On Wednesday night, Dustin Yellin shared what’s been on his mind with the intimate crowd gathered at Pioneer Works in Red Hook.
“I was thinking a lot about the computer that is civilization,” said the Pioneer Works founder, addressing the room of artists and benefactors, which included Maggie Gyllenhaal and Peter Sarsgaard (looking artsy in a paint-splattered jacket), Darren Aronofsky, David Byrne, Gabriela Hearst and various other art benefactors. “The question I ask everyone all the time is: what is the most pressing issue facing our species?”
There were plenty of issues to name — climate change, inequity, artificial intelligence — but Yellin had settled on a proposition that superseded the rest. “We gotta figure out how to f–king get along,” he said. “There’s just one weird strange mycelial network of matter that connects us, and that’s the thing that this fine, humble institution is built on.” Pioneer Works, of course.
The art nonprofit is marking its 10th anniversary next year, and hosted a dinner — a post-pandemic novelty — to benefit Pioneer Works’ residency program. The event also celebrated “Brand New Heavies,” a new exhibition of three site-specific works curated by Mickalene Thomas and Racquel Chevremont. The exhibition was sponsored by Gucci, and chief executive officer Marco Bizzarri — who’s in town until Saturday, when he’ll head to the West Coast — was an enthusiastic dinner guest.
Bizzarri met Yellin during a Fast Company Innovation event in Milan. “We had dinner together, and I was so impressed by his creativity and energy. It was kind of a natural thing to help him and sponsor in this way,” said Bizzarri, perched near the outside bonfire ahead of dinner. It was the executive’s first time visiting Pioneer Works, and he was impressed. “Dustin is extremely creative, the way he presents things but also in the way he does things. The combination makes him unique,” Bizzarri said, adding that Yellin’s approach at Pioneer Works — inviting people into the building, creating opportunities for creative collaboration and cultural intelligence — is a similar recipe for success in the fashion industry.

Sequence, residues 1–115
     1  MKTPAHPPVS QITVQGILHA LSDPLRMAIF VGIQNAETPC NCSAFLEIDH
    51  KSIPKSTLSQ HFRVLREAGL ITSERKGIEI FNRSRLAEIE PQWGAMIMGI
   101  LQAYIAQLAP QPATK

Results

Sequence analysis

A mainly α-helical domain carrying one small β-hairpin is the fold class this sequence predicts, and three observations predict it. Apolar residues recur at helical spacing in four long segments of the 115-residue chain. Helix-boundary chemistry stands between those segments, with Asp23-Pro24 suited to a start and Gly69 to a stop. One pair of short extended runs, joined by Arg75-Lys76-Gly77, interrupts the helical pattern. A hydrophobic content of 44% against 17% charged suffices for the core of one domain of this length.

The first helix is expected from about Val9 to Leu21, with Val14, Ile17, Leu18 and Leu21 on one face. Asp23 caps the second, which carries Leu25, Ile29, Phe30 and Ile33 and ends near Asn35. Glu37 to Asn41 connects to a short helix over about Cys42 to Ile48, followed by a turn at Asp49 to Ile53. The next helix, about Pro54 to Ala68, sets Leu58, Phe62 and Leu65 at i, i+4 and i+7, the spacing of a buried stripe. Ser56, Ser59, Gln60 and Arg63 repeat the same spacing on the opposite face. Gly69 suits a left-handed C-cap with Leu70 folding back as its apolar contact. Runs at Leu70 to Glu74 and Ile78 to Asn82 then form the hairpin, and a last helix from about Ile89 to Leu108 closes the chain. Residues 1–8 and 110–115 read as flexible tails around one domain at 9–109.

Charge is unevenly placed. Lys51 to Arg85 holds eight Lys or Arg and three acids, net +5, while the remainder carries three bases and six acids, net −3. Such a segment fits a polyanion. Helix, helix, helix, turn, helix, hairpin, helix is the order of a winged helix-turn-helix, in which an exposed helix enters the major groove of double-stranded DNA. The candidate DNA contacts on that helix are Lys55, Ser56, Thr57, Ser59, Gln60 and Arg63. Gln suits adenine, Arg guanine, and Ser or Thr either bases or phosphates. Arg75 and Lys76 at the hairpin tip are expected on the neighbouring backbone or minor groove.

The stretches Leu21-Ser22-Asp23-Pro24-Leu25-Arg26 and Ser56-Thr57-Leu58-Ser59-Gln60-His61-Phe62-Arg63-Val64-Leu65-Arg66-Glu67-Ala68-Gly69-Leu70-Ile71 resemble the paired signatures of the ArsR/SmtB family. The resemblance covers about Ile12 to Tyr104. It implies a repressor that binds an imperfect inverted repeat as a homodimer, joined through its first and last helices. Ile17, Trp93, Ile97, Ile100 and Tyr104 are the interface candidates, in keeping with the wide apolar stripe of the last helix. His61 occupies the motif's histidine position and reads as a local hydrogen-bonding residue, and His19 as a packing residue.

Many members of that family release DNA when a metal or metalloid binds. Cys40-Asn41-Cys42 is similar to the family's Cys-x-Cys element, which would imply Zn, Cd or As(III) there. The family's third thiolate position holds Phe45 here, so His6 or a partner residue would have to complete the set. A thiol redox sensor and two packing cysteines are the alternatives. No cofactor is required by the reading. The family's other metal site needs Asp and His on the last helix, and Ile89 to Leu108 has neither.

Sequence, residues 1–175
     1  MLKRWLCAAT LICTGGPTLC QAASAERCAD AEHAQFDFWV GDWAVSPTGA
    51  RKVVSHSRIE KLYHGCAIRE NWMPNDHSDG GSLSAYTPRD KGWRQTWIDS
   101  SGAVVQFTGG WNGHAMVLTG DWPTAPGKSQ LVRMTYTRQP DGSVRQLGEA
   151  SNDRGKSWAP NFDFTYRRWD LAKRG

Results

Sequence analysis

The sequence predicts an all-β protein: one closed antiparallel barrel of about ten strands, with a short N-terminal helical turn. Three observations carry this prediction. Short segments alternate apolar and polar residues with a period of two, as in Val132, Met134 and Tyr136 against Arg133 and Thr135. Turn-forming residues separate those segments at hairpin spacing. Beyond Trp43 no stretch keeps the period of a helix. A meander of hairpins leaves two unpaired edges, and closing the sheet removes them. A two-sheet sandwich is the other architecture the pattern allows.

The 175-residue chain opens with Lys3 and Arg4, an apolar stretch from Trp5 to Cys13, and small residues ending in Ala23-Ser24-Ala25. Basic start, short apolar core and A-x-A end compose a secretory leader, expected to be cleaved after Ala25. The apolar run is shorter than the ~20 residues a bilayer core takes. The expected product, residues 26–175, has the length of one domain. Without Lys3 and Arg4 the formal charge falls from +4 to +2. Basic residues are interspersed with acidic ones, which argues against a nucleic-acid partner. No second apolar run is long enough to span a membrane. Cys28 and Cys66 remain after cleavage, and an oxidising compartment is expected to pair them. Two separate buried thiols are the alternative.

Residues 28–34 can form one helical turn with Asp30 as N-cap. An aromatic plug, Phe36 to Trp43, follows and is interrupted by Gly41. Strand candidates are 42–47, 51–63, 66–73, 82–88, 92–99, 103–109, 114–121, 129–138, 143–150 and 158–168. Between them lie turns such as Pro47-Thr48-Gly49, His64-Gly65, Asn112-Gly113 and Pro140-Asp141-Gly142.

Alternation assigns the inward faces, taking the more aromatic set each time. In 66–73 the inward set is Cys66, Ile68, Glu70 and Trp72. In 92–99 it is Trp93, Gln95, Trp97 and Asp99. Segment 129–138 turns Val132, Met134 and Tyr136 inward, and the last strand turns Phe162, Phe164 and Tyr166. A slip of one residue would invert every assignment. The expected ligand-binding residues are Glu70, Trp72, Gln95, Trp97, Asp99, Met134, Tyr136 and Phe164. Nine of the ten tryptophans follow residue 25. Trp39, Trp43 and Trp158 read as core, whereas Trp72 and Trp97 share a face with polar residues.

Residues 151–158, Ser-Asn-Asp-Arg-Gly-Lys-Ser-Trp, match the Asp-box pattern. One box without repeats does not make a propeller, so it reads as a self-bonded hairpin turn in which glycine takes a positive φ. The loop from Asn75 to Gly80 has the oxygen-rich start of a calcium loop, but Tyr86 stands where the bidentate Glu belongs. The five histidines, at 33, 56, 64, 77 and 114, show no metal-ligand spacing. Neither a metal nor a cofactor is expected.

Inside Pioneer Works, singer Meshell Ndegeocello regaled the crowd with a pre-dinner performance from within artist Abigail DeVille’s installation, a rendering of the Capitol building constructed with chicken wire and charred wood.
“It completed the piece to see it activated in that way,” said DeVille afterward, a former Pioneer Works resident, as guests meandered to their assigned dinner tables. The artist connected Ndegeocello’s performance of “Tender Love” with the video component of her sculpture, which comments on the myth of American democracy. “Whenever Meshell performs, and in everything she does, there’s love centered in that. And that’s also the place from which I’m trying to bring things out of and set the stage for conversations,” DeVille added.
Afterward, musical performer Sneaks closed out the night, giving it her all onstage for the remaining crowd. Byrne, for one, was enraptured; even Bizzarri grooved to the post-punk tunes. “Is this too loud?” Sneaks asked the crowd, queuing up her next track. “Let me know.”
After over a year of silence from the party scene, who would dare to complain about volume?